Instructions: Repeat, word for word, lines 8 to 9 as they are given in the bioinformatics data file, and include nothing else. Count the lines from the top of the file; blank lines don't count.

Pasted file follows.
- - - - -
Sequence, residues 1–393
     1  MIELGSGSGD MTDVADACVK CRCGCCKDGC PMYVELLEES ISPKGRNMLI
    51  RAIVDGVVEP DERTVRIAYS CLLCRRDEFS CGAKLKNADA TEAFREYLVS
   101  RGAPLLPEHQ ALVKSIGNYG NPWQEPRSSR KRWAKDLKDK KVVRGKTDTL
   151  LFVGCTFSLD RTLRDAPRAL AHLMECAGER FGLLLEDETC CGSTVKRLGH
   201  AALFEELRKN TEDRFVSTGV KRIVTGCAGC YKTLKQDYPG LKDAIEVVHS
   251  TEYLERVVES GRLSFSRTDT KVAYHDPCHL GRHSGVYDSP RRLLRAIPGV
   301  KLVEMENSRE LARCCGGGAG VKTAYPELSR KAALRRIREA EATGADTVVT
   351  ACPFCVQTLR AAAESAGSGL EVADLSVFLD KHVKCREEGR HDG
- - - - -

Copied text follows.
   301  KLVEMENSRE LARCCGGGAG VKTAYPELSR KAALRRIREA EATGADTVVT
   351  ACPFCVQTLR AAAESAGSGL EVADLSVFLD KHVKCREEGR HDG